Soccer helps some young Hondurans escape the gangs

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TEGUCIGALPA, Honduras (AP) - From the dusty soccer pitch, 11-year-old Maynor Ayala can see two ways out of the gang-controlled slums: on a professional soccer team, or in a cheap coffin.

Maynor is euphoric after scoring a goal for the first time in weeks, and he briefly allows himself to imagine going to the World Cup one day.

But then his boyish smile fades into hard talk. “My cousin was shot here on the field,” Maynor says, miming a pistol with his thumb and index finger.

“Remember the taxi driver they executed here a while ago?” asks his 14-year-old friend, Marvin Cruz.

“We also went to see a body cut in pieces over there by the bridge,” Maynor adds.

Their coach listens with despair. Luis Lopez, 45, who uses a wheelchair because of a bicycle accident over a decade ago, is working the kids hard, hoping the discipline of sport will keep them out of the gangs that dominate much of Tegucigalpa. His threadbare soccer program is modest compared to the challenges these children face: the pull of the streets, violence, poverty and drugs. But as for slum children from Brazil to Botswana, the game is also a lifeline.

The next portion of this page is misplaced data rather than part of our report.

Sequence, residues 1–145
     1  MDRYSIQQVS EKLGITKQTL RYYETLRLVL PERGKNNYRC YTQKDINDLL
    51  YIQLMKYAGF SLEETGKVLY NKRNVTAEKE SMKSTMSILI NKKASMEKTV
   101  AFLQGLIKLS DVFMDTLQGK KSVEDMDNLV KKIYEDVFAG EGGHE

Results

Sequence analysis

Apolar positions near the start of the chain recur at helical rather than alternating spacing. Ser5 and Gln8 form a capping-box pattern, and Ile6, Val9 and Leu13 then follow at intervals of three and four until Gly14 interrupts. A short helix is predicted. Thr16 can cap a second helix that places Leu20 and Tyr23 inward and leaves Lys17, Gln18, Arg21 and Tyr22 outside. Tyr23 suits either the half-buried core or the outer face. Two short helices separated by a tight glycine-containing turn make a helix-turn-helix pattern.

Maynor, Marvin and others on the pitch give the coach hope against the reality of pot smokers on the sidelines of the pitch and lost souls like 14-year-old Antony who don’t stay in school.

Luisito is teaching boys and girls to play soccer, knowing that the real game is to stay alive.

Maynor may not know the statistics - that a child his age is shot to death every four days in Honduras, and that the odds only get worse as you get older. But he knows that violent death is common, and that the corpses offer a glimpse of his future if he moves toward the gangs.

He goes to see the bodies, he says, “because you think that next time it could be you there.”

Maynor’s neighborhood is called Progreso, a name that mocks its dirt roads, open sewage canals and crowded houses. It is surrounded by gang territories and an iron fence its 100 families put up to keep out criminals.

Even so, children hide inside after dark.

The soccer pitch is built on a graveyard of neighbors who were buried alive when Hurricane Mitch collapsed the hills in 1998. Jose de la Paz Herrera, known as “Chelato Ucles,” the godfather of Honduran soccer, stepped in with funds to help equip it.

Now 74, he managed the first Honduran team to reach the World Cup - to Spain in 1982 - and he still combs the slums in search of talent like Emilio Izaguirre, 28, one of just five Hondurans playing for a European league.

Izaguirre, who lived in a neighborhood like Progreso, one of the many battlefields between the Mara Salvatrucha and Barrio 18 gangs, competed in the World Cup four years ago and will be on the pitch for Honduras again at the Cup starting next month in Brazil.

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